Toward the end of the passage there is the sense that participating in famine relief provided ancient Christian congregations with a mutual aid society or mutual insurance program of sorts. Now the famine is in the east, but if it does come to Greece, then others will be able to help our congregation in its time of want.
But the deepest motivation for giving is not our generosity, nor a pressing need, nor a philosophical balance or even a sense of mutual aid, but the generosity of our Lord Jesus Christ, who sacrificed so much so that we might have so much. Everything in Paul get’s grounded in Jesus, and good stewardship to this day is the same way. Generosity continues to be a wonderful gift. It involves fairness and mutuality. And in the end, we give because we have first received. And we have received so much that goes beyond dollars and cents. Just as Jesus inspired healing ministry in Mark, his care for the poor and those who were suffering inspired the gift of generosity in the ancient church as it organized itself for emergency relief. And Jesus Christ still inspires mission in so many ways.
Please allow me two personal observations about Paul’s ancient stewardship work and our own. As a pastor who has written many stewardship appeals for a whole host of things, I had to chuckle over verses ten and eleven. He talks about the intention and the desire to give and be generous, but now is the time to make the actual gift. Willingness and eagerness are important, he seems to say, but the poor can’t eat our enthusiasm. Write the check.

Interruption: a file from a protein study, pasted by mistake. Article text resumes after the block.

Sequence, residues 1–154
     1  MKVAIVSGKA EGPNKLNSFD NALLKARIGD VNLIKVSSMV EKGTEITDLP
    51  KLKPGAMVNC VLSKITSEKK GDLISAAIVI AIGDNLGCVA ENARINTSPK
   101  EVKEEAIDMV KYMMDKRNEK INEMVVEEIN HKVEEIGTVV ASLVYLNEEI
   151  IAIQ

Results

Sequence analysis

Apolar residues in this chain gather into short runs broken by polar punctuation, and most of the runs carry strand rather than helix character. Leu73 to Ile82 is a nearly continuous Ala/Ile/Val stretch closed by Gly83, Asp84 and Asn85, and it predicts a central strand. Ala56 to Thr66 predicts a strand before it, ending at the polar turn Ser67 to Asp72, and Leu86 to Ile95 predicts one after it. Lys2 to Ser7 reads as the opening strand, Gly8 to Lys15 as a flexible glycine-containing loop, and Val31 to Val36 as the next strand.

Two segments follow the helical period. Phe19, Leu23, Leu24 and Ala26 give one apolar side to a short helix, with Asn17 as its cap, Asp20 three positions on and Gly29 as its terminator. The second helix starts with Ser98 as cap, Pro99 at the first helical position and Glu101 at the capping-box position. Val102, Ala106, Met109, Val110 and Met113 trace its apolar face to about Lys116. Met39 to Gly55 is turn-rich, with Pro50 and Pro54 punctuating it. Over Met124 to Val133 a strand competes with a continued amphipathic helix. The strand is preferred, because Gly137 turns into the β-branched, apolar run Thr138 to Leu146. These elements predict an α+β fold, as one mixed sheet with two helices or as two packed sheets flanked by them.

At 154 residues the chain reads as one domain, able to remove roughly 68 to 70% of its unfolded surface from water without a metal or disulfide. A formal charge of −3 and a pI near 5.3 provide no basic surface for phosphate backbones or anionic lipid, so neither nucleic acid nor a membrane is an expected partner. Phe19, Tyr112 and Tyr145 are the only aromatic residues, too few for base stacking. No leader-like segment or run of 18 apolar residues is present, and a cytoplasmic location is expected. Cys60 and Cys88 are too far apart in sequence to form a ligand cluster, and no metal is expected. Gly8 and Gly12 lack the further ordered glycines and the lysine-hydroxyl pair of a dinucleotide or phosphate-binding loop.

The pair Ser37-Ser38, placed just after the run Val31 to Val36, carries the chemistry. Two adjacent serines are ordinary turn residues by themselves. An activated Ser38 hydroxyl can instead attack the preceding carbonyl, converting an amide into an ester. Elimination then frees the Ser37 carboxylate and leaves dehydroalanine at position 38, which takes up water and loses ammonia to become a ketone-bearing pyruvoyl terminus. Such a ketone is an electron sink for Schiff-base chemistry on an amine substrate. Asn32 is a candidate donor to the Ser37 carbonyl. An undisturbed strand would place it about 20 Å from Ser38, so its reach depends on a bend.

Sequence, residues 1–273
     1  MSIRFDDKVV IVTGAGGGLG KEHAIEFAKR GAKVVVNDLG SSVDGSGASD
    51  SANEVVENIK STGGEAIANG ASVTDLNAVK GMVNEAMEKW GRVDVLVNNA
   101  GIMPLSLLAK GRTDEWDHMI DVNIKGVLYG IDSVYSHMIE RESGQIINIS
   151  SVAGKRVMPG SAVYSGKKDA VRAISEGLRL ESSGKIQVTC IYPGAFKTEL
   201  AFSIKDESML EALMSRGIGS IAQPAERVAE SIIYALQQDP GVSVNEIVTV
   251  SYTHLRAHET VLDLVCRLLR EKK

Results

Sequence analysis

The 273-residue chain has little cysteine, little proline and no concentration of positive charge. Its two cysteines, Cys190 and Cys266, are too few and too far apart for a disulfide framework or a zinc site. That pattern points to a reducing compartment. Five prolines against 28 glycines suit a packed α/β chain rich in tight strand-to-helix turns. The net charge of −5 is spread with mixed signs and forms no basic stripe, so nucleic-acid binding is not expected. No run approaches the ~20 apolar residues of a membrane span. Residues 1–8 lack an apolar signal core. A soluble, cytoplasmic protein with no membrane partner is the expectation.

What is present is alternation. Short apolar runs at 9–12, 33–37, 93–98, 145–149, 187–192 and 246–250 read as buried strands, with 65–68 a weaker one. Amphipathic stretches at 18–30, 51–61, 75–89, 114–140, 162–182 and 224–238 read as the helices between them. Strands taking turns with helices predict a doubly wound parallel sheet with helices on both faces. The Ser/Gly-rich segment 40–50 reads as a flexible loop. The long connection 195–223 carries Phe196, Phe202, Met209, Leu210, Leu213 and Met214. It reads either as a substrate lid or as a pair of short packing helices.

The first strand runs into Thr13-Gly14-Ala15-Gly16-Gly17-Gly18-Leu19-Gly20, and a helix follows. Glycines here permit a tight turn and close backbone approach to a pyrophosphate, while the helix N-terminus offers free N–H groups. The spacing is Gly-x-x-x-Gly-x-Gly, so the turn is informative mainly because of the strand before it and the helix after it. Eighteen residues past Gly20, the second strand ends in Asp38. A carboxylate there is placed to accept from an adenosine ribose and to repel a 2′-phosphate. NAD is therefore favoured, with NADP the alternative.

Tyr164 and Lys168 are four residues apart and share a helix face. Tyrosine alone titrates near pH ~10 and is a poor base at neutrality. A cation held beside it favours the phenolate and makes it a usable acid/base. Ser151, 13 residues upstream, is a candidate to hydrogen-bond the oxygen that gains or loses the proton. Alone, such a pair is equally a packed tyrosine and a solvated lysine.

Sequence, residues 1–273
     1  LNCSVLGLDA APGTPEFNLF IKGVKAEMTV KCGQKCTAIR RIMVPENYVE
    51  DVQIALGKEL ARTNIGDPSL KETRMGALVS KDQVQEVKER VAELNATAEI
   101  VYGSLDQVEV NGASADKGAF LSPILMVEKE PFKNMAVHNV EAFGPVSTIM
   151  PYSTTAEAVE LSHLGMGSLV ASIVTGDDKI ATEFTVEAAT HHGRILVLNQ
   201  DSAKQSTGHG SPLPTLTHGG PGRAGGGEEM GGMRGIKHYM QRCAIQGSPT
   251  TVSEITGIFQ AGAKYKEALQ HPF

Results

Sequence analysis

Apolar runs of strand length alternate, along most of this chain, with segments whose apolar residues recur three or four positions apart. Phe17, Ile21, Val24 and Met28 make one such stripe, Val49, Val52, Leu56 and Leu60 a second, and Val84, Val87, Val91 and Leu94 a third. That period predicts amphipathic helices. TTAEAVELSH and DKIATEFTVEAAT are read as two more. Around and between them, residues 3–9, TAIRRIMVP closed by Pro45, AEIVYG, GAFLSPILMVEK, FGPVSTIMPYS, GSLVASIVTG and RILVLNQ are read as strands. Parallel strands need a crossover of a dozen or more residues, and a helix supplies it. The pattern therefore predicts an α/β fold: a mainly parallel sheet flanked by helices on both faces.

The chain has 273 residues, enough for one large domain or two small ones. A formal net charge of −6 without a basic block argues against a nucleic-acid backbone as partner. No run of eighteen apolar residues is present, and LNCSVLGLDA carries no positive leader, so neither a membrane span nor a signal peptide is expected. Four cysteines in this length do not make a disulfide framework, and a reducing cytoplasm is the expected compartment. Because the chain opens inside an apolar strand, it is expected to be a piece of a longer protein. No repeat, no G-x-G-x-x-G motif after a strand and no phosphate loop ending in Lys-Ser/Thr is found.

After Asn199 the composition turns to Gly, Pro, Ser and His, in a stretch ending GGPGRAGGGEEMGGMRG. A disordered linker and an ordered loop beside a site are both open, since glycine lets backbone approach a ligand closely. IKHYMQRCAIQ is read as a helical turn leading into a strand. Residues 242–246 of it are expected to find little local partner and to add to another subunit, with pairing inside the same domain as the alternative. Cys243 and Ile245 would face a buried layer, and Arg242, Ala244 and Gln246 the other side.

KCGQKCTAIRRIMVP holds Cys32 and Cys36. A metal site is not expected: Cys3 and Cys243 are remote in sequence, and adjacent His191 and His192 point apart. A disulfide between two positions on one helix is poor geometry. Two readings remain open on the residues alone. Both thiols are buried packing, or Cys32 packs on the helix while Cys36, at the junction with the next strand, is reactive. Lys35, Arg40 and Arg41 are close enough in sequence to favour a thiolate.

As one who has raised money for a variety of causes, I would like to lift up one unusual aspect of our own Emergency Relief Program with which many have been generous.
Now we live in an era of many non-profits who all are involved in fundraising for many different causes. It is more likely today than ever that this fund raising is even done professionally. The means by which funds are now gathered are far more sophisticated than Paul’s letter which he quickly put together between other more important duties. But all of that fund raising for good causes is itself costly, and it is extremely rare these days to be able to give a gift that goes completely to the cause for which it is intended. That is an unusual thing. Usually a percentage, and sometimes a high percentage, is directed to the support of the organization.
But for over twenty-five years, St. Johns has been set up so that if you make a donation to emergency relief, all of that money goes to those in need. What makes that possible is congregational structure or one might even say organized religion. Salaries, fund development, appeals, expenses, accounting, and reporting all come from the general congregational budget. Sometimes that general budget needs attention, but St. Johns Emergency Relief Fund remains one of those few places to which you can give a gift that has 100% of the donation going to the intended cause of the donor.
And let us work to keep it that way by supporting both the Emergency Fund and our general causes with generosity not based on obligation but thanksgiving. A generosity that bears not only intentions but fruit, breeds fairness and mutuality, and is grounded in the amazing gifts we have already received from God. As Jeremiah says in the first lesson today: This steadfast love of the Lord never ceases, his mercies never come to an end; they are new every morning. Great is your God’s faithfulness.